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Energy in Chemistry

by: Nick Manning

Energy in Chemistry CHEM - 10060 - 001

Nick Manning
GPA 4.0
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Notes from 2/29 to 3/4, covers Calorimetry, endothermic and exothermic reactions, a bunch of formulas and equations, and hopefully clears up some things. Or maybe just helps review. Anyways, it'll ...
Class Notes
Chemistry, Energy, endothermic, exothermic





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This 9 page Class Notes was uploaded by Nick Manning on Sunday February 28, 2016. The Class Notes belongs to CHEM - 10060 - 001 at Kent State University taught by TBA in Fall 2015. Since its upload, it has received 25 views. For similar materials see GENERAL CHEMISTRY I in Chemistry at Kent State University.


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Date Created: 02/28/16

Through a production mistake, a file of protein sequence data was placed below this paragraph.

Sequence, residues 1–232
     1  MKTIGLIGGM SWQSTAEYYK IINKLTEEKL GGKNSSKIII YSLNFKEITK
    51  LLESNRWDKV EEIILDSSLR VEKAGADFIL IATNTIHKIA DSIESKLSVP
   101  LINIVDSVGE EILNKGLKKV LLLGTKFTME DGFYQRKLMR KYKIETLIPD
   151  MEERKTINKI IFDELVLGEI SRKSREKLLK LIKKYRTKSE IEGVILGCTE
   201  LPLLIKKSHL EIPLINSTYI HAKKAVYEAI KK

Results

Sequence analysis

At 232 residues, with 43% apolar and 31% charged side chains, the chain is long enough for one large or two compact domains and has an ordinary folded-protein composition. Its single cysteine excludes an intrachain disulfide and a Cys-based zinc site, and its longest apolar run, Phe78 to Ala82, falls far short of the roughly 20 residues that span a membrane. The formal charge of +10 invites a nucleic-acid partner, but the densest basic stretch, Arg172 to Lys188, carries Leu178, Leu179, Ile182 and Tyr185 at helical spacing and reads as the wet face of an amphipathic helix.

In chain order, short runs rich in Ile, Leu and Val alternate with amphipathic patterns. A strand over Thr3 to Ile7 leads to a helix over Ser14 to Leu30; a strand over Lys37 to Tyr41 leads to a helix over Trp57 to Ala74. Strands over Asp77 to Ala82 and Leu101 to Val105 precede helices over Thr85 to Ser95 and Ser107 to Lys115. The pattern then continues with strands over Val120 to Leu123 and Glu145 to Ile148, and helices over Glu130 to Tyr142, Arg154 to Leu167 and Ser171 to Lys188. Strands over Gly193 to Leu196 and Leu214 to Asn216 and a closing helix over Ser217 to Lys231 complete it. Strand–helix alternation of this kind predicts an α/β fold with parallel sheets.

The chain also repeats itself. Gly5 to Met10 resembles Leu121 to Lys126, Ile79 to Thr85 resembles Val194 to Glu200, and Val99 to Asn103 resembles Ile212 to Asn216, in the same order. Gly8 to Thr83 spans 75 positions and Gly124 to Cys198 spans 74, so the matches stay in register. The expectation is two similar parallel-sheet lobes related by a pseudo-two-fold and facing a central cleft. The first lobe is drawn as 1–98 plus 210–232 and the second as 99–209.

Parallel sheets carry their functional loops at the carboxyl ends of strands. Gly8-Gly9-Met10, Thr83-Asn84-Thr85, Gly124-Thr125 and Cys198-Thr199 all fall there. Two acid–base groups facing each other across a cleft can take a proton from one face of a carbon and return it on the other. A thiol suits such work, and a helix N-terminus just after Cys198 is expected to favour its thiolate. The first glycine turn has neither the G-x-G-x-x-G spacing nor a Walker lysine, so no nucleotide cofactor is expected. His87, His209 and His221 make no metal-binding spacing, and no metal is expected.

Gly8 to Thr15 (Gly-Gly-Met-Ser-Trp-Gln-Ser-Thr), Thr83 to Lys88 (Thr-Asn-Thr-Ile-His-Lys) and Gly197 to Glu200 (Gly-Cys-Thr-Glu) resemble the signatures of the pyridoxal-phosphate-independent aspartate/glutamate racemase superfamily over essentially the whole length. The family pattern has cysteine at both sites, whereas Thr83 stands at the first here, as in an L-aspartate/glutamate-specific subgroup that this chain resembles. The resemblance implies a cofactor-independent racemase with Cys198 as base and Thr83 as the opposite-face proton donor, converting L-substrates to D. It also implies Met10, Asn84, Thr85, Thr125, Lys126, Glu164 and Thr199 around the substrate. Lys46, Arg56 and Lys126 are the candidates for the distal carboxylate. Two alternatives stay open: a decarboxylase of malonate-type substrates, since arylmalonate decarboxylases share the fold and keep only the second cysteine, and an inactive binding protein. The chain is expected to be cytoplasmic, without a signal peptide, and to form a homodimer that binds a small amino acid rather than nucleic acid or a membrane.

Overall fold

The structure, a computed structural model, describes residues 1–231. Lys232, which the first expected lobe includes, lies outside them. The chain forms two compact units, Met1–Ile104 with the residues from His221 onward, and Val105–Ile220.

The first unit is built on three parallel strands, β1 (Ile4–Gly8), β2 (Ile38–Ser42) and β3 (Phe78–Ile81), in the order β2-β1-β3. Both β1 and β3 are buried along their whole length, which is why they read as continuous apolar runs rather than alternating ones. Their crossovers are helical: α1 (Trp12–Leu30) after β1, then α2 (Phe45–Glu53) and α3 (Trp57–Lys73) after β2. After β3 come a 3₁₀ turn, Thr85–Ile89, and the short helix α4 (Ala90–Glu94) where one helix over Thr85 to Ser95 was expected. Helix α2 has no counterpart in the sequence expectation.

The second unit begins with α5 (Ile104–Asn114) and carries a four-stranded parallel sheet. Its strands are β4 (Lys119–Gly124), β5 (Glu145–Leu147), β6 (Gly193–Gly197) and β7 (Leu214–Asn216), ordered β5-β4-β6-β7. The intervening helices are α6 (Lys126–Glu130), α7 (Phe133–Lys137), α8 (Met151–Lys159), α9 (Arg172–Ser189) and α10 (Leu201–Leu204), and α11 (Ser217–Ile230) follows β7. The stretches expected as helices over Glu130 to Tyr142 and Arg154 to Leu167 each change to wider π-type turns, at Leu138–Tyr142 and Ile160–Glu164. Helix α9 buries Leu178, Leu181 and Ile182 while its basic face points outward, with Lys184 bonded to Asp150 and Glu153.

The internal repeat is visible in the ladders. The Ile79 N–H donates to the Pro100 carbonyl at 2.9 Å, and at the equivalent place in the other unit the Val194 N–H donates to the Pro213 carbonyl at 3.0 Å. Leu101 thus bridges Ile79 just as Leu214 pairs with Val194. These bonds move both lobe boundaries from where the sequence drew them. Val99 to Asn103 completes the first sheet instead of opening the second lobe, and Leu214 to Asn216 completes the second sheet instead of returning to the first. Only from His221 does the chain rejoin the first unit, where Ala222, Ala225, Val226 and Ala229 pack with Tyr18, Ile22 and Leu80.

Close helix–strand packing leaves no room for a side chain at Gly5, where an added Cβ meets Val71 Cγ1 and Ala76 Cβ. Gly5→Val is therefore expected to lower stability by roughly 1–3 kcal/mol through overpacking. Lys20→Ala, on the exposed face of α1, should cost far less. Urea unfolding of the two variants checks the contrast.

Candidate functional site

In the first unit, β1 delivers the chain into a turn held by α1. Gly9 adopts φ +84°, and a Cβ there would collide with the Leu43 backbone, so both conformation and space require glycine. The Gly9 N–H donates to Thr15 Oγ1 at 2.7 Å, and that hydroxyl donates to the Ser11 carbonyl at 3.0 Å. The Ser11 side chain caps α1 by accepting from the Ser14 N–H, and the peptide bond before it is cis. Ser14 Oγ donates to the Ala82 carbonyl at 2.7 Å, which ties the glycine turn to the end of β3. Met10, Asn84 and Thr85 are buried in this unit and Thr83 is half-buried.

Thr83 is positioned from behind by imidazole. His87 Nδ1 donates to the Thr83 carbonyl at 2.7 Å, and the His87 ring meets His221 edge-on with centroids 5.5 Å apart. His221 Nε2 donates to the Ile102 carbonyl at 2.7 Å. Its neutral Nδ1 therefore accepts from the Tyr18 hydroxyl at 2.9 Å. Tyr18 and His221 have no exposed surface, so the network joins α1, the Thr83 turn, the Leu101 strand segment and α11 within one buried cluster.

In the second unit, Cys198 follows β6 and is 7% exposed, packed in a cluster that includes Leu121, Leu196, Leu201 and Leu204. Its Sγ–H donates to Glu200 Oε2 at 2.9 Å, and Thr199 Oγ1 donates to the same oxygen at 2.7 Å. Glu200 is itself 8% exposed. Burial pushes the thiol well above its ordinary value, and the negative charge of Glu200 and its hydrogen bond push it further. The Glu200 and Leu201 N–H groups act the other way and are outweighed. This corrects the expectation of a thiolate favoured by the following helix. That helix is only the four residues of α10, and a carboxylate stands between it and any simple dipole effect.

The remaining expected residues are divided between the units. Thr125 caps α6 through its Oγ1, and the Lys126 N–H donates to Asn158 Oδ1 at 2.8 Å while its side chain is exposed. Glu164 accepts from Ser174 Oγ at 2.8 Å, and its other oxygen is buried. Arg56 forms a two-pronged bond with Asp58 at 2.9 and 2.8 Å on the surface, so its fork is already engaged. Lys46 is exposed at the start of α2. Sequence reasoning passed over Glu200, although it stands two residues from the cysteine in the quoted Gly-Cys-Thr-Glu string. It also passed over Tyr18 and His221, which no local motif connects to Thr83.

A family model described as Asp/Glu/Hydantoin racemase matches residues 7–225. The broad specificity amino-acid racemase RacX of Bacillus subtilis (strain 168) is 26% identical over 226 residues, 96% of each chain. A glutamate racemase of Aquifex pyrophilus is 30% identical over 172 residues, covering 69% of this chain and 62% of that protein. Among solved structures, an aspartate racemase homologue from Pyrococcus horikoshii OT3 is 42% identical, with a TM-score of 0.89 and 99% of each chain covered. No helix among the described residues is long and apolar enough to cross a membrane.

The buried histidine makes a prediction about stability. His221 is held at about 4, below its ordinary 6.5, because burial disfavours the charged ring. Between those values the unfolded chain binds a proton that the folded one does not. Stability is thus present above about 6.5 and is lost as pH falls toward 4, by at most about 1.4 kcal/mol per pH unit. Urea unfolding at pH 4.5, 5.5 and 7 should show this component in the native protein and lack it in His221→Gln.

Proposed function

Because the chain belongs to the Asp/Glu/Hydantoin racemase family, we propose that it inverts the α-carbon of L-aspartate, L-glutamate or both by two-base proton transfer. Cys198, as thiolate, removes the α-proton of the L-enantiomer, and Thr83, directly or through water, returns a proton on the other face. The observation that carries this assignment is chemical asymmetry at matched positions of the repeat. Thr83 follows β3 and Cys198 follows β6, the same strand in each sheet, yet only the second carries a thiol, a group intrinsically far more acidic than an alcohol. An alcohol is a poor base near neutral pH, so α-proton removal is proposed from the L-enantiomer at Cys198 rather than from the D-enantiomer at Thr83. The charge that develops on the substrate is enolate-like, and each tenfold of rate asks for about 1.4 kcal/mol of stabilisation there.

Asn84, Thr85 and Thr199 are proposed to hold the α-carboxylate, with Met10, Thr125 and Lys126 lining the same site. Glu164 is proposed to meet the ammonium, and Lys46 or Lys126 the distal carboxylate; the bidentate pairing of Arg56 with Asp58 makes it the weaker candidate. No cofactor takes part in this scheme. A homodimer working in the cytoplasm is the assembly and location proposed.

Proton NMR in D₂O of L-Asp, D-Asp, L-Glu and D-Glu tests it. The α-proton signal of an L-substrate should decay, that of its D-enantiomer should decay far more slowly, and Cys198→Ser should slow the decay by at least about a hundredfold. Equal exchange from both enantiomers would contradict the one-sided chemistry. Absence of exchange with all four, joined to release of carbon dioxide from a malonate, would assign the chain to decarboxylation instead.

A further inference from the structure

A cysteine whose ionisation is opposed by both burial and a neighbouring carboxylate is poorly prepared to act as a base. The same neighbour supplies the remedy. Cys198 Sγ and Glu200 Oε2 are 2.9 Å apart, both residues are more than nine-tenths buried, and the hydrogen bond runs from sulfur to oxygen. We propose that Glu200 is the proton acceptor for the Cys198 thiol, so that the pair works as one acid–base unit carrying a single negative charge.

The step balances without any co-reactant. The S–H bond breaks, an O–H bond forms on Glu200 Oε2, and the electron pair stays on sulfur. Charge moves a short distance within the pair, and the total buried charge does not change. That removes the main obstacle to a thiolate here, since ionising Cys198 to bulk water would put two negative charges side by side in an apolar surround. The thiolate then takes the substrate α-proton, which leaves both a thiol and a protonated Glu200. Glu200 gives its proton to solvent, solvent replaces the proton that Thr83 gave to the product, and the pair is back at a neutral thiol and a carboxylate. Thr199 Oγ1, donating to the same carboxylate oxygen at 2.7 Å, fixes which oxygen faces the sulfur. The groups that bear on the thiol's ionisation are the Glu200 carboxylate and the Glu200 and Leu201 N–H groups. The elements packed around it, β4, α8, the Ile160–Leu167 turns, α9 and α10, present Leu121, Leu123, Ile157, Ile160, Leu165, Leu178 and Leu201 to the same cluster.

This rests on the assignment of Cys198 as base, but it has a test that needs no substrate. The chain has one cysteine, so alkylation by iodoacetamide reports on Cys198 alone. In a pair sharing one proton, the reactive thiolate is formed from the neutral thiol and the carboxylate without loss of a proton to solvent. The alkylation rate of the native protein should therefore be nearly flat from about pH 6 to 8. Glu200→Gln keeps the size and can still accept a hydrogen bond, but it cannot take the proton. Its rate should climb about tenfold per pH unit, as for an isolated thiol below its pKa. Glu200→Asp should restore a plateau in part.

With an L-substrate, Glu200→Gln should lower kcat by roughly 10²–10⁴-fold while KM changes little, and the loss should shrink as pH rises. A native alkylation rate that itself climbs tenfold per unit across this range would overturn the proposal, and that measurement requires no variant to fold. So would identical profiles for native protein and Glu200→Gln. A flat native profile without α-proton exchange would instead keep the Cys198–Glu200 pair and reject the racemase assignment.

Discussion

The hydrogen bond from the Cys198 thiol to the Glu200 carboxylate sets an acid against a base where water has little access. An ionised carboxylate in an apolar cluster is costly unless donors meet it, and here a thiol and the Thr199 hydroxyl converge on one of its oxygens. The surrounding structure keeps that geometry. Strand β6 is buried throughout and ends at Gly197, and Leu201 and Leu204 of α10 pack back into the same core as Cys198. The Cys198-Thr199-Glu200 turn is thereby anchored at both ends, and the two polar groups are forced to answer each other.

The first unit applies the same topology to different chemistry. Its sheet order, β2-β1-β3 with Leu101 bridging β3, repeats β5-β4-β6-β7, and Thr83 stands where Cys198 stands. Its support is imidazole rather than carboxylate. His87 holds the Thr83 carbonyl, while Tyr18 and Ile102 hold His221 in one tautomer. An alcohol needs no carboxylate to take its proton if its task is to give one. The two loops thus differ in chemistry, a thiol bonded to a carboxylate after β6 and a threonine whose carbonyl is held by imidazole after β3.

Week of 2/29- 3/4 ENERGY IN CHEMISTRY Energy is the ability to do work. It is neither created nor destroyed, simply transferred. Kinetic energy and potential energy are present in chemical bonds SOURCES OF KINETIC ENERGY IN CHEMICAL SYSTEM -particles move and rotate through space -bonds vibrate -electrons move around nucleus SOURCES OF POTENTIAL ENERGY IN CHEMICAL SYSTEM -bonded atoms attract and repel -the attraction between nucleus and electrons, also the repulsion between electrons and electrons - Attraction b/w nucleus and shared electrons During chemical reactions, change occurs in BONDING - Changes in the way atoms are bonded involve changes in chemical potential energy - System- the reaction itself - Surroundings- immediate area around reaction - Everything else equals the universe - Heat goes from system  surroundings or surroundings  system - You have to clearly define the system in order to measure energy changes Systems are classified by how it interacts Open system Closed system Isolated Matter & heat exchanged only heat exchanged neither heat nor energy exchanged FIRST LAW OF THERMODYNAMICS ⧍E system = -⧍E surroundings Also⧍Energy system= E fin- Einitial Total energy of the system is a state function State Function- independent of pathway, doesn’t matter how you got there as long you get there; only depends on initial and final states Can either be released as all heat (q) or as heat and work (q and w) ⧍E=q+w Think of a hobo fire think of a car, moving & burning gas is expressed as Joules (J) or kilojoules (kJ). when a system releases heat… qsys< 0 when a system absorbs heat… q sys> 0 If Energy is transferred as Heat only, tqesys =-qsurroundings When the system does work on surroundings, W sys< 0 When work is done on system by surroundings, W sys>0 Energy transferred as only work sys= -Wsurroundings Usually demonstrated with gasses and pistons W= (-p)(⧍V) ⧍E= q+w ⧍E= q- (p⧍V) - To determine ⧍E, we need to we need to know q & w - Instead we use H, means enthalpy H= Heat constant of system @ constant pressure (p) - ⧍H= energy transferred as heat from constant p - ⧍H can be determined from only q, if p kept constant o ⧍E=⧍H=qp When no gasses are involved, ⧍v= 0 (volume) If total moles of gas is unchanged ⧍V=0 CALORIMETRY Exothermic Reaction- heat is released to surroundings; feels hot ⧍Tsurr 0 Endothermic Reaction - absorbs heat energy from surroundings ⧍Tsurr 0 Specific Heat Capacity- amount of heat required to change the substance 1ᵒ o How much heat do you need to make _____ increase by 1 degree? **Temperature wise, 1ᵒC ≠ 1ᵒK, but ⧍1ᵒC does = ⧍1ᵒK ** q=mc⧍T heat energy in Joules (J) Specific Heat Capacity (J/g * K) Mass in G Temp changefininitial) ** You should probably know this formula, Dr. Leslie doesn’t like to give formulas on tests and it is important!!* EXAMPLE 250g of H2O is heated, receiving 752 J of heat. What’s the final temperature if the initial temperature is equal to 22.0ᵒC? (c for H2O= 4.18 J/g * K) Okay, so we know so far that m= 250g , q=752 J, c=4.18, ani T = 22.0ᵒC. 752=(250)(4.18)(x-22.0) 752=1045(x-22.0) .7196=x-22.0 22.7196=x w/ sig figs the final temp = 22.7 ᵒC - For simple heat exchange b/w two objects: o Masses do not combine o q is exchanged until objects reach the same q(system)=-q(sample) q(cal)=-q(sample) endothermic) higher amount of system heat (q sys before reaction, lower amount of system heat after reaction + qsys = - qsys Exothermic) lower q sysefore reaction, higher sysafter - qsys = + qsys For Chemical reactions in a calorimeter -the reaction is the system (A+B⧍ C) - everything else (including H2O & resulting solution) = SURROUNDINGS Stored chemical potential energy Heat energy / surroundings THERMOCHEMICAL EQUATIONS As we know, an exothermic process releases heat to its surroundings. ⧍H (enthalpy) = finalHinitialproductreactants ⧍H < 0 And we know endothermic absorbs heat from surroundings (ice melting for example, the ice takes heat from the surrounding water) ⧍H > 0 Now we have to learn to make the graphs from chemical equations. Best way to do this is with a good ol’ example. CH4 + 2 O2 ⧍ CO2 + 2 H2O; ⧍H = 890 kJ Negative, so exothermic CH4+2O 2 reactants H CO2+2H 2 products The arrow is always drawn from the reactants to the products. It represents the ⧍H, which is negative here so the arrow goes down on the H chart. Now that we got that, we move on to the next thing; calculating certain things from the amount of mols and grams in a thermochemical equation. CH4 (g) + 2O2 (g) ⧍ CO2 (g) +2 H2O (g); ⧍H = 890 kJ If asked “How many kJ of heat is released from 1 mol of4CH ?” how would we do this? Easy, this thermochem equation shows 1 mol of CH4reacting so it would just be 890 kJ. Okay, well how about how much is released from 1 mol of 2 ? Well this shows 2 mols, so we divide the ⧍H by 2 and get 445 kJ. Let’s move up on the difficulty scale and try “What is the amount of heat released from 4.50 g 4H ?” How do we get from grams to moles? Molar mass, homes. 4.50 g CH4* 1 mol CH 4 16.04 g CH4* -890 kJ/ 1 mol C4 = -250. kJ released MANIPULATING THERMOCHEMICAL EQUATIONS We know ⧍H is always given in an equation as written. 2H2O2 (g) + O2 (g) ⧍2 H2O (l); ⧍H =572 kJ If the equation is changed, the ⧍H is also changed. H2O2 (g) + ½ O2 (g) ⧍ H2O (l); ⧍H =286 kJ When you reverse the reaction, the ⧍H stays the same but with the opposite sign. 2 H2O (l) ⧍2H2O2 (g) + O2 (g); ⧍H = 572 kJ When ⧍H is immeasurable due to the reaction being part of a sequence of reactions that all happen at nearly the same time, or it is too dangerous, ori t takes too long to wait for, we use Hess’s law to break the reaction in to parts and add up the ⧍H of the separate part to get the whole. We will be talking about this more on Monday, but I do have an example to check out. S(s) +3/2 O2 (g) ⧍ SO3 (g); what is ⧍H? S(s) + O2 (g) ⧍ SO 2 (g) ⧍H= -296.8 kJ 2 SO2 (g) + O2 (g)2⧍SO3 (g) ⧍H= -198.4 kJ We have to get the elements to equal the equation where we are trying to find ⧍H, so we have to mess around with some equation manipulation. Let’s aim to get the O to 3/2. SO2 (g) +½ O2 (g) ⧍ SO3 (g) ⧍H= -198.4/2 = -99.2 kJ S(s) + O2 (g) ⧍ SO 2 (g) ⧍H= -296.8 kJ We can cross out the 2O because it is on both sides of the equations we are trying to add up. SO2 (g) +½ O2 (g) ⧍ SO3 (g) ⧍H= -198.4/2 = -99.2 kJ S(s) + O2 (g) ⧍ SO 2 (g) ⧍H= -296.8 kJ S(s) +3/2 O2 (g) ⧍ SO3 (g); ⧍H = -99.2 + -296.8 = 396 kJ